Now, in the twenty-first century, through memoirs such as the one written by Elna Baker, we are developing a language that enables us to continue the work begun by William James.
Her perspectives, along with the tens of thousands of memoirs already written or now under development, are enhancing our shared vocabulary about personal experience. Rather than splitting us into separate camps, each of which tries to prove its God is better, the Memoir Revolution gives us the opportunity for the first time in history to share a dialog about our individual interior worlds.
Write a few scenes and a synopsis that reflects your emerging belief system as you made the transition into adult life. (For example, church membership, seeking, rejecting or embracing parent’s religion, ah-ha moment about God, attending a yoga class, etc)
For more discussion and examples about using memoirs to explore personal spirituality see my book Memoir Revolution, about the powerful trend to create, connect, and learn, see the Amazon page for eBook or Paperback.
Click here for Elna Baker’s home page.
For brief descriptions and links to all the posts on Memory Writers Network, click here.
To order my step-by-step how-to guide to write your memoir, click here.
To order my self-help workbook for developing habits, overcoming self-doubts, and reaching readers, read my book How to Become a Heroic Writer.
More memoirs about spiritual launching
When Mary Johnson was trying to grow up and find rules to live by, she decided to devote her life to a transcendent conversation. In her memoir, An Unquenchable Thirst she tells of joining Mother Theresa’s order, renouncing possessions and devoting her life to serving God. Instead of rejecting her parents in order to become more worldly, she rejected their normalcy and went the other way.
Return to Need for Spiritual Belief Systems
Spirituality and religious searching are not completed during the launching period. Many adults return years later to establish a guidance system that helps them cope with grief or to find the spirituality that will allow them to face trauma and mortality.
Lorraine Ash explores spirituality and personal relationship to God first in her memoir Life Touches Life, after the loss of her baby in the eighth month of pregnancy. After writing that memoir, she didn’t stop searching. Her search for a personal relationship to God is continued in Self and Soul. Click here for my article about these two books.
Two more memoirs of a search for beliefs later in adulthood:
Here If You Need Me by Kate Braestrup. A chaplain uses religion to help others and at the same time find her way after her husband’s death. Click here for my article.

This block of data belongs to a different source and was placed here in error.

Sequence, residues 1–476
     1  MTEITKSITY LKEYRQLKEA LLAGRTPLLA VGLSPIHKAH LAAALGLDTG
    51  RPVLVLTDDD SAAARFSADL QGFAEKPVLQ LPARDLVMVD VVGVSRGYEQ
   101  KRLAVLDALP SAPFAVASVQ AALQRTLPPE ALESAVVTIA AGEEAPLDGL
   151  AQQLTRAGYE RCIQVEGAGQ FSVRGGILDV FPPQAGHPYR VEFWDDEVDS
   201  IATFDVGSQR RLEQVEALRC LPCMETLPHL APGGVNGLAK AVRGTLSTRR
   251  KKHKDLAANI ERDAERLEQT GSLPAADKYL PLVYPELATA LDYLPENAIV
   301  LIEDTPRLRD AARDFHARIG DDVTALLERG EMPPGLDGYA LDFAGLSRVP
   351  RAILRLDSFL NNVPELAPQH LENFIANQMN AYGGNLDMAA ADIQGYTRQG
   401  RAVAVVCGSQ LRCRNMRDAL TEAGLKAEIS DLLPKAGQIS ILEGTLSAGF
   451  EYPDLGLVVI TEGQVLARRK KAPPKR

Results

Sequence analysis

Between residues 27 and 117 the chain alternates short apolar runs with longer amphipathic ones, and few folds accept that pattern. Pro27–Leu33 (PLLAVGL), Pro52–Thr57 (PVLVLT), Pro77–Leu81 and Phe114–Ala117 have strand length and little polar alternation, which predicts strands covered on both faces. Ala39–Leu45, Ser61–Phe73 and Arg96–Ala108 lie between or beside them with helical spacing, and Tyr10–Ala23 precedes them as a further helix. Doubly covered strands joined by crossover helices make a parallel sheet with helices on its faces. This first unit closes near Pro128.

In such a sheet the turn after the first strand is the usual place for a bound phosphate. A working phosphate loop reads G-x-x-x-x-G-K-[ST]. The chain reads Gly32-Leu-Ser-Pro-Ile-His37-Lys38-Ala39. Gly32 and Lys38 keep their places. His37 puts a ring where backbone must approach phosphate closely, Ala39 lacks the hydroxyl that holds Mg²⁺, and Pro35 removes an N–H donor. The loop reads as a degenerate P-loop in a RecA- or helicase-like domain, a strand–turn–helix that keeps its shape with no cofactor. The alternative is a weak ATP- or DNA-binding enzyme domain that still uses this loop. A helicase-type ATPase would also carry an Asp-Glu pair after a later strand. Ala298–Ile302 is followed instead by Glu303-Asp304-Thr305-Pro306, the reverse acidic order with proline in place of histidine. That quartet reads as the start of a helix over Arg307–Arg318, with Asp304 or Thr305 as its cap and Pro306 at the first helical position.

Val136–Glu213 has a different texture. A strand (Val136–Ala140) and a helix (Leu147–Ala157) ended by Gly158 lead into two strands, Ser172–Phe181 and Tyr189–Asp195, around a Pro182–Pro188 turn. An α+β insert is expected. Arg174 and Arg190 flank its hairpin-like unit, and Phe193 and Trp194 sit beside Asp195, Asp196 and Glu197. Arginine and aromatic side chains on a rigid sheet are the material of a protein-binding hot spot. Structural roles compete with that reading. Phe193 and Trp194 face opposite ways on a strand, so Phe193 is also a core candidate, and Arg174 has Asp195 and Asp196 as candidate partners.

Devotion by Dani Shapiro. A woman in middle age goes on a quest to find truth amid a variety of belief systems. Click here for my article.
Father Joe: the Man who Saved my Soul by Tony Hendra, who leaned on his mentor for insight, hoping this kind monk would help him steer through his own barren internal life.
The Path: One Man’s Quest by Donald Walters who left home to join a spiritual commune led by Paramansa Yogananda. Click here for my article
American Shaolin by Matthew Polly, who joined a Chinese monastery to learn martial arts, Click here for my article.
The Islamist by Ed Husain, who rejected the gentle religion of his parents. When he saw someone knifed, Husain realized that the power-hungry demands of his new crowd distorted his higher values. He returned to the roots of his religion to find the compassion and divinity his parents had been attempting to teach. Click here for my article.
Booked: Literature in the Soul of Me by Karen Swallow Prior who tried to stray from religion but found that to find her way, she needed deeper insight into a loving universe. Click here for my article.
Expecting Adam by Martha Beck. Attempting to push away from the intellectual rigor of her graduate program in Harvard, she accepts the mystery of mothering a Down Syndrome child. Click here for my article.
Stress Fracture by Tara Meissner. A psychotic episode, involving visionary experiences of instructions to murder and other destructive imagery, decided that to preserve her sanity she needed to distance herself from the otherworldly teachings of her religion. Click here for my article.
Unorthodox by Deborah Feldman, the scandalous rejection of my Hasidic Roots Accepting or Rejecting the entire system